ra2Having spent a fair amount of my childhood growing up in crumbly old houses, hotels and hospitals, I like to think I’m a bit of a connoisseur of creepy buildings. Very few books and films ever manage to capture the essence of what makes some buildings  ‘hold darkness within’ but The Haunting of Hill House by Shirley Jackson is a genuinely chilling tale that perfectly encapsulates just the right blend of psychological suspense and supernatural menace found in all great ghost stories and hauntings.

BLT

Last night I went to see an adaptation of this book at the Brighton Little Theatre and it was fab. I won’t say too much, as I don’t want to spoil it for anyone going to see it, but the set and the cast were brilliant and did a fantastic job of bringing  Hill House to life and staying faithful to the eerie, sinister atmosphere of the book. It’s on every night from Saturday 9th to Saturday 16th May. Tickets only £8.50. Some still available from their box office.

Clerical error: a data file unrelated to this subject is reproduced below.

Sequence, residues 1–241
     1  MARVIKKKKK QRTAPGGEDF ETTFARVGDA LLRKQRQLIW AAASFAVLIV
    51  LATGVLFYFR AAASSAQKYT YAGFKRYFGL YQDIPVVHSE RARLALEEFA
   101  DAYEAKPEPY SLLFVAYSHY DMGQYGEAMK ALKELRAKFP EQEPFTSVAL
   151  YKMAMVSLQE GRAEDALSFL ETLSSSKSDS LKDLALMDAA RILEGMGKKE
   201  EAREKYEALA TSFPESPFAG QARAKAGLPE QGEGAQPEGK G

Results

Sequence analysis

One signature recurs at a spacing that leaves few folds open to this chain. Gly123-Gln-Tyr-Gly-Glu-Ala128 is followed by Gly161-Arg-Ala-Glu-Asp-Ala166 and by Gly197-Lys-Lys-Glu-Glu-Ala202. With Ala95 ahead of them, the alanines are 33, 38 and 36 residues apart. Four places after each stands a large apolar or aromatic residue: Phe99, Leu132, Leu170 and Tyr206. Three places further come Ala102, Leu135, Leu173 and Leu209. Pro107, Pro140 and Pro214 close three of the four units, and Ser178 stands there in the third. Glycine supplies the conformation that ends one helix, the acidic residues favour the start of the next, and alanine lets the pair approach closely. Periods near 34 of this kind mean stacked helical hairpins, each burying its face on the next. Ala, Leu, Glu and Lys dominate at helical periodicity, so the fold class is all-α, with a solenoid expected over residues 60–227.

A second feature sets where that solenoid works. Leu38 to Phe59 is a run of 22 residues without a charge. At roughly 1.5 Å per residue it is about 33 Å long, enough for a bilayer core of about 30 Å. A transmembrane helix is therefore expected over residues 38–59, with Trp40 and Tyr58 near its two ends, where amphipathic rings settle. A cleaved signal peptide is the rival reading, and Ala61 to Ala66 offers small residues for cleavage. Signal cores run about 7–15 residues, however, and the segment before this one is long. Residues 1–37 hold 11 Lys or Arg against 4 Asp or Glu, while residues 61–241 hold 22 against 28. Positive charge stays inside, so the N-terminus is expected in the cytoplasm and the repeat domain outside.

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And talking of Gothic Victorian Mansions, please look look out for updates on the fate of the old Royal Alex Hospital. Situated on Dyke road this beautiful local building (photographs above and the subject of most of my ‘spooky house’ photos) is still under threat of demolition from developers Taylor Wimpey. A hearing to decide the fate of this unique and important historical  landmark starts at Brighton Town Hall on 12th May at 10am. The more people who attend to show their support for the Royal Alex the better. Please don’t let them destroy this beautiful building.